Cryptogenic cirrhosis is diagnosed in 5% to 30% of cirrhotic patients overall and 7% of patients who undergo liver transplantation for cirrhosis.
Dr Jean-Charles Duclos-Valléea and colleagues from France re-examined their series of patients transplanted for cryptogenic cirrhosis.
The researchers, in an attempt to identify the aetiology, re-examined pre-transplant clinical and histological data and the post-transplant course.
Of 881 patients transplanted between 1987 and 2000, 28 patients with a median age of 46 years at transplantation were classified as having cryptogenic cirrhosis.
The team excluded 2 patients where intense ischemic lesions caused by chemoembolization and hepatitis B prevented histological analysis.
The researchers divided the patients into 4 including 14 patients with chronic inflammatory liver disease with autoimmune features in Group 1.
| Autoimmune liver disease emerged as the main etiology|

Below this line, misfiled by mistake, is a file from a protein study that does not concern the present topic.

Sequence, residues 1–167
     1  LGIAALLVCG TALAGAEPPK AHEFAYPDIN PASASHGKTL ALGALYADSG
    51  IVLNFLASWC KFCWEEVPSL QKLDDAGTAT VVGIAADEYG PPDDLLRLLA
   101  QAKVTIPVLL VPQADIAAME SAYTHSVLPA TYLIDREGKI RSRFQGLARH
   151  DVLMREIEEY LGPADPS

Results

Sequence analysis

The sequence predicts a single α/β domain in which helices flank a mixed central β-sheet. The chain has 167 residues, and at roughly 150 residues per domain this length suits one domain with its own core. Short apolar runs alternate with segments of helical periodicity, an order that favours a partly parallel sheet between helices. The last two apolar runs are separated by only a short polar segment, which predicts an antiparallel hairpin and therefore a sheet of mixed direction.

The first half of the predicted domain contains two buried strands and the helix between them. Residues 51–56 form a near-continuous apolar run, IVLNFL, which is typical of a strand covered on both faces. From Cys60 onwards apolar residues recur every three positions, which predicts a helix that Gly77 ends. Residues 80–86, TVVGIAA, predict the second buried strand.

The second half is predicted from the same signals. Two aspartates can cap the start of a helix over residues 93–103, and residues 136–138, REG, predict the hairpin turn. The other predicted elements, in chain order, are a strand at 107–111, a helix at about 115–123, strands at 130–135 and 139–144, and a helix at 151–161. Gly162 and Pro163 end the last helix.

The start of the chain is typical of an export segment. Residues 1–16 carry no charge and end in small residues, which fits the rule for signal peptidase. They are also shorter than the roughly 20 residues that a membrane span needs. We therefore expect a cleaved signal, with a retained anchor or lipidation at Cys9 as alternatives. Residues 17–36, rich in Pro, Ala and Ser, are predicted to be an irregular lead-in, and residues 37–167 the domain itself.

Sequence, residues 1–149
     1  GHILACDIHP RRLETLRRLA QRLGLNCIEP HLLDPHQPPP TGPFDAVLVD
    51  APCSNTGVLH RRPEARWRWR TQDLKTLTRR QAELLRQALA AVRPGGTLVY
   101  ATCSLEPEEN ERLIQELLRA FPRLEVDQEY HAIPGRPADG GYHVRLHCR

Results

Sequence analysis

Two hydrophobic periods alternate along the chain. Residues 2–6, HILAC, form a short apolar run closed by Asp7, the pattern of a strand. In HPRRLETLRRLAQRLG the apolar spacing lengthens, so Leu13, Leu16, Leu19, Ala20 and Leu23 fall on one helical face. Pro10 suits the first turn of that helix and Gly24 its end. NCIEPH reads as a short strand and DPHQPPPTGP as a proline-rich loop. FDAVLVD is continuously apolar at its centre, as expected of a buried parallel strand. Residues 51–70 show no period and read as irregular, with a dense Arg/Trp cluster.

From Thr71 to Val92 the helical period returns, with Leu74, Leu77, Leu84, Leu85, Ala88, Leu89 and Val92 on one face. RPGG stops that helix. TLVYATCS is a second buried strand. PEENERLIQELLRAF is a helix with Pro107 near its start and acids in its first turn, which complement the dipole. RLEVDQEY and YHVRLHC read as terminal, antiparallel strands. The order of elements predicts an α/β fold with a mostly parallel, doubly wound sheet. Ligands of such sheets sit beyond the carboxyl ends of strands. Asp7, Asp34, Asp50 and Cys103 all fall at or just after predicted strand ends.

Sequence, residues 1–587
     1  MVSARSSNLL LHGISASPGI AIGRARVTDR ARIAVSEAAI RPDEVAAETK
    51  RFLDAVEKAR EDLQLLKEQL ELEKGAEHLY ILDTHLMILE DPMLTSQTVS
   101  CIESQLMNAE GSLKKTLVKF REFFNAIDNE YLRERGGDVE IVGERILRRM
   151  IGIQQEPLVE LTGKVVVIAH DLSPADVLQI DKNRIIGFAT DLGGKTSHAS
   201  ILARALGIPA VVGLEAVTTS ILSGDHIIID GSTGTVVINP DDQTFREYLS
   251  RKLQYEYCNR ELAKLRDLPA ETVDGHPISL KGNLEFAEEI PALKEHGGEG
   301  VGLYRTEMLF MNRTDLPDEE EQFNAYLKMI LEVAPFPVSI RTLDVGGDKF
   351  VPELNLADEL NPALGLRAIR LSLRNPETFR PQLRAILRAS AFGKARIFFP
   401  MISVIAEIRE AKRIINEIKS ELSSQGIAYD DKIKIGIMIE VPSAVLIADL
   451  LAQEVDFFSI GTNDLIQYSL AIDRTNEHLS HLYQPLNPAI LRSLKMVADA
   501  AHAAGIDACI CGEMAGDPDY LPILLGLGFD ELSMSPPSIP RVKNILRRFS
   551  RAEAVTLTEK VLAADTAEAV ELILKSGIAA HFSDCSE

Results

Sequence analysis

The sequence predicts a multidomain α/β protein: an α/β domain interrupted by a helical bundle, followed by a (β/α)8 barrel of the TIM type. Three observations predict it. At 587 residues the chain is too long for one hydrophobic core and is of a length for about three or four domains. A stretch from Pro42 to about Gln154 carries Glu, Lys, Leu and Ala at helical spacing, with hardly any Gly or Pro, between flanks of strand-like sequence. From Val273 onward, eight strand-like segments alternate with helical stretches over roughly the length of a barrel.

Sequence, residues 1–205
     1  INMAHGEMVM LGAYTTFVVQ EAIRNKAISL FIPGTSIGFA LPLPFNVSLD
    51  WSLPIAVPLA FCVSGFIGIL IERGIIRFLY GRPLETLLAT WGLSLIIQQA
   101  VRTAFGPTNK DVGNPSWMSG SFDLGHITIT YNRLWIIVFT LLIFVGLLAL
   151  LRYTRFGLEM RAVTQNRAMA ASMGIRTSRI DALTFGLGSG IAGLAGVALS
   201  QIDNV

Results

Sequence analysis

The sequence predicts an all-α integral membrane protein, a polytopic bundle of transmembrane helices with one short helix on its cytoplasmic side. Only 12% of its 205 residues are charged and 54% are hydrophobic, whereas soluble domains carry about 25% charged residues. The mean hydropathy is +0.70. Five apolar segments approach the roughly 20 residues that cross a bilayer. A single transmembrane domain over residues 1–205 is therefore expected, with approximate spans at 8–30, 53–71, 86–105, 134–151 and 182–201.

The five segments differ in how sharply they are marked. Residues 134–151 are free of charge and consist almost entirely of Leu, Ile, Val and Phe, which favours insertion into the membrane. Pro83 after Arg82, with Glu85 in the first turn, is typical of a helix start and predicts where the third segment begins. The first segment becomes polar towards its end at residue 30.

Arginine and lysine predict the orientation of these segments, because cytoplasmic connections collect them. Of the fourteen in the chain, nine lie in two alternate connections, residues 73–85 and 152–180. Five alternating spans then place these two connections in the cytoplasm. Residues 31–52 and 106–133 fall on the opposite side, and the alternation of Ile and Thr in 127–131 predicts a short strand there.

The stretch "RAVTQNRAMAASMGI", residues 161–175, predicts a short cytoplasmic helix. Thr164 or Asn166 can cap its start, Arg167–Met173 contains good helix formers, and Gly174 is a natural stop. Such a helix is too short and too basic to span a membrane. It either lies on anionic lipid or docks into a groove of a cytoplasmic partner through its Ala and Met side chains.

Group 2 included 3 patients with features suggestive of non-alcoholic fatty liver disease.
There were 3 patients with incomplete septal cirrhosis and vascular liver disease in Group 3 and 6 patients with unresolved cryptogenic cirrhosis in Group 4.
The team found that in the autoimmune liver disease group, the median International Autoimmune Hepatitis score was 13 after re-evaluation.
Review of the post-transplantation course confirmed the diagnosis with the occurrence of active graft hepatitis in 9 patients, with auto-antibodies in 5.
The researchers observed that the vascular group was characterized by lesions of obliterative portal venopathy and incomplete septal cirrhosis in all native livers.
The team reported that diagnosis of non-alcoholic fatty liver disease was based on the clinical background of obesity and/or type 2 diabetes.
In addition, diagnosis of non-alcoholic fatty liver disease was based on the presence of steatosis or steatohepatitis in native livers and graft biopsies.
Dr Duclos-Valléea's team concluded, “A definite etiological diagnosis can be achieved in the majority of patients initially diagnosed with cryptogenic cirrhosis.”
“Autoimmune liver disease emerged as the main etiology and frequently recurred on the grafted liver.”
“In all cases a precise diagnosis is obviously of practical interest for better management of post-transplant survey and treatment.”